The Wigglybus website
click here or on the bus to go to the wigglybus website!
MTRU and the Mere Wigglybus
The Mere Wigglybus
Attendees at the WSEP launch gather by the Mere Wigglypost
Starting with MTRU's work for the Countryside Commission in Wiltshire in 1995, a series of ideas were developed to improve rural transport. These included replacing the concept of public transport as a "safety net" for the less well off with a network which would attract people out of cars. This needed the right policy, charging and funding framework but also needed some new ideas for the type of service which would be popular.
MTRU developed the Wigglybus concept independently but there were parallel developments in other parts of Europe, some of which were included in the European SAMPO (later SAMPLUS and FAMS) projects.
The Wigglybus remains a much quoted good practice example and was one of the first to be funded through the UK Government's Rural Bus Challenge. It won the Bus in the Countryside Award in 2000. The website which we developed had basic information on the services, news and research findings.
MTRU project managed and implemented the Wigglybus project in the first instance, and subsequently was appointed as adviser for the expansion of the service into two new areas. We continued to be members of the original management group. In 2005 this was wound up and the County Council took over.
In 2006, MTRU worked with local community groups in Wiltshire to form the Wigglybus Social Enterprise Partnership (WSEP) - a non-profitmaking Community Interest Company (CIC). This put in a bid to run one of the three Wigglybus areas in Mere and was successful - taking over operation in September 2006. The CIC bid in 2007 for the other Wigglybus services was, however, not successful. MTRU is happy that it was one of the original partners and is continuing to provide support.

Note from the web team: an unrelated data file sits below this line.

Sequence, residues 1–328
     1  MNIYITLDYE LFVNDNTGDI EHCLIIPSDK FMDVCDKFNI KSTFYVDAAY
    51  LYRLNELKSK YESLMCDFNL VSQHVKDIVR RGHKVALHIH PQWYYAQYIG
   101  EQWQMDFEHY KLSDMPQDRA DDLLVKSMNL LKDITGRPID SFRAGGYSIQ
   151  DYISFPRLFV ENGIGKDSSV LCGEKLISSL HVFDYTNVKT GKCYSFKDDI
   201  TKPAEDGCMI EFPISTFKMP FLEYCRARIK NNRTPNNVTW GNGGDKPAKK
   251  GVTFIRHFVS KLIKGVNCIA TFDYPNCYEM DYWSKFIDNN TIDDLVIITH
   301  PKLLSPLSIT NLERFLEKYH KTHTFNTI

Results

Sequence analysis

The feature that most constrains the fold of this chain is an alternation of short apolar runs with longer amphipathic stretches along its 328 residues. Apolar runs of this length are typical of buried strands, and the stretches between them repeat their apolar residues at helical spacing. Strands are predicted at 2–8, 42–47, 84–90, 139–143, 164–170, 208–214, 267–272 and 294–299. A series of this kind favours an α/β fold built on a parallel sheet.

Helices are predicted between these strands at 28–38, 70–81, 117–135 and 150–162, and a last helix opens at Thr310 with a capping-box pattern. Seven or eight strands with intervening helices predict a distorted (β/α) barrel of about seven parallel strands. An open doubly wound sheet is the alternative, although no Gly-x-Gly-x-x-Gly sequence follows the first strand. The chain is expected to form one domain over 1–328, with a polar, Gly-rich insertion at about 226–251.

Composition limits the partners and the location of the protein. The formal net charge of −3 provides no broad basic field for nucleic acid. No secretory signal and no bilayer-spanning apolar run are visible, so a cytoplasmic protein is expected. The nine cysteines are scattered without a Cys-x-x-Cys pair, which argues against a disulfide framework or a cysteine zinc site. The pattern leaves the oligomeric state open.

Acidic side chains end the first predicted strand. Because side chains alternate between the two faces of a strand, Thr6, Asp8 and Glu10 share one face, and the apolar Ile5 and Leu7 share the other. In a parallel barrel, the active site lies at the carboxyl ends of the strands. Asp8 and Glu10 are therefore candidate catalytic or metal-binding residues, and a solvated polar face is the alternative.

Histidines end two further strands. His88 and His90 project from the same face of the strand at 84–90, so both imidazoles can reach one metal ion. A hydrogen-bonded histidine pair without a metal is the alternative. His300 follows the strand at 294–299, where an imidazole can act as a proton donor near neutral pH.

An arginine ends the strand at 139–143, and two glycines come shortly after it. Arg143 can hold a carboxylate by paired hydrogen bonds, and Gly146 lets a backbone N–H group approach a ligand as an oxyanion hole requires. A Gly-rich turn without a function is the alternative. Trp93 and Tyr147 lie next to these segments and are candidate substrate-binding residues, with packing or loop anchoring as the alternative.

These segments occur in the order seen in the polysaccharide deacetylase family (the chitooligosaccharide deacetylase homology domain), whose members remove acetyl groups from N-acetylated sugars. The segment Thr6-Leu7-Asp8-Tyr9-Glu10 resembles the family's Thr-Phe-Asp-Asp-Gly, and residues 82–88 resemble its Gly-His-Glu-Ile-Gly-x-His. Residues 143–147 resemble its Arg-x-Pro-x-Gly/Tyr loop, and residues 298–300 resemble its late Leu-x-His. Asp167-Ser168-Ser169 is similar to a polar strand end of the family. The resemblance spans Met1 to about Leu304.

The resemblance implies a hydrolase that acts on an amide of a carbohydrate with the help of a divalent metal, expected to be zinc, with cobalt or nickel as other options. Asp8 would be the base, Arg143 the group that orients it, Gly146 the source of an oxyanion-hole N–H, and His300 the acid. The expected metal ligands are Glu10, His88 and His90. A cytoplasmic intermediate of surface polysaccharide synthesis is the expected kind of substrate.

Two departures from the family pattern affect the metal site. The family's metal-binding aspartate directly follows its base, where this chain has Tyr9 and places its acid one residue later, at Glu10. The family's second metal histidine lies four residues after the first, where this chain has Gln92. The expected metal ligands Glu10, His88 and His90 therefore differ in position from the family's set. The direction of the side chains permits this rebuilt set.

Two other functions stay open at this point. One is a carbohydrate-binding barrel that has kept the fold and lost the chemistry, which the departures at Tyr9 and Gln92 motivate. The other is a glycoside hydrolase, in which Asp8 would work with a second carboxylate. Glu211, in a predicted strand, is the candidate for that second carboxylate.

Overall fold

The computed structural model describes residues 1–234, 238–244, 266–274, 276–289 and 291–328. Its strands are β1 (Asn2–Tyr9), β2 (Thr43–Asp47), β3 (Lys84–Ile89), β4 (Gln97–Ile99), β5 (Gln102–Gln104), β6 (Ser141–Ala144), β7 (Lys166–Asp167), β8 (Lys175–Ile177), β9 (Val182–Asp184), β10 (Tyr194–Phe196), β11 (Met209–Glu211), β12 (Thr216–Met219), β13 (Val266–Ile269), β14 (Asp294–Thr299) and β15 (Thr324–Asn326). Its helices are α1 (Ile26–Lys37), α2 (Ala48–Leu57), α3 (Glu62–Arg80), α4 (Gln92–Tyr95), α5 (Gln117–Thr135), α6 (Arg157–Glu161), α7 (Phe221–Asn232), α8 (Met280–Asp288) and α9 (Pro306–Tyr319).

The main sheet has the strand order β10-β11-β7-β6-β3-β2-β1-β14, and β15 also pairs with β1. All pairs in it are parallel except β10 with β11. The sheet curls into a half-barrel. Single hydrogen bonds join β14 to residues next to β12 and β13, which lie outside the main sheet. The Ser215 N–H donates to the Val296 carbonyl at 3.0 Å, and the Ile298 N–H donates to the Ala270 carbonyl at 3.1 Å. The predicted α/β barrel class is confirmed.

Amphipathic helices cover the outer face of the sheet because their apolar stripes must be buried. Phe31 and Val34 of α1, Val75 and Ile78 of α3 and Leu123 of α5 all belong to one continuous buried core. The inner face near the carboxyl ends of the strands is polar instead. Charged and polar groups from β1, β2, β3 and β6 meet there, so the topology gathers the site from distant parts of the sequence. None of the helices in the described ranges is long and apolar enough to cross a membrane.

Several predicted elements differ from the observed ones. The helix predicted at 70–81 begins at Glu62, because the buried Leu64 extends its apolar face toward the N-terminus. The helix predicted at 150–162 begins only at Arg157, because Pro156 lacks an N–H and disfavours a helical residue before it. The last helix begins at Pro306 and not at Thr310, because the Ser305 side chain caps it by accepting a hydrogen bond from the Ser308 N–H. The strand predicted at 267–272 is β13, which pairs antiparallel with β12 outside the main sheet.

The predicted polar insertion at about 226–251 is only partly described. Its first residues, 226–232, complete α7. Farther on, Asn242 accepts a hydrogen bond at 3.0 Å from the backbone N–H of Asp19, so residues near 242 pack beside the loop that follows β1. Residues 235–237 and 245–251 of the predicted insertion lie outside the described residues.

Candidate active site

One interesting aspect of this approach is that the company has sought to work with local community transport to co-ordinate both operations and marketing. Elsewhere in the UK, several community transport operators have moved on to bid for and to run public bus services. The WSEP started by running a public service and sought to use its community roots to act as the focus for voluntary and semi-voluntary schemes, as well as organising one off excursions. This revived one of the original intentions of the 1999 Wigglybus project which was never fully developed.
The WSEP did, however, run into significant difficulties in bidding for local government funded services. This was at least in part due to the perceived conflict between helping a local community group and continuing with traditional tendering. Such problems led to the company deciding to suspend activities at the present time and would have to be properly resolved if the third sector is to play its full part.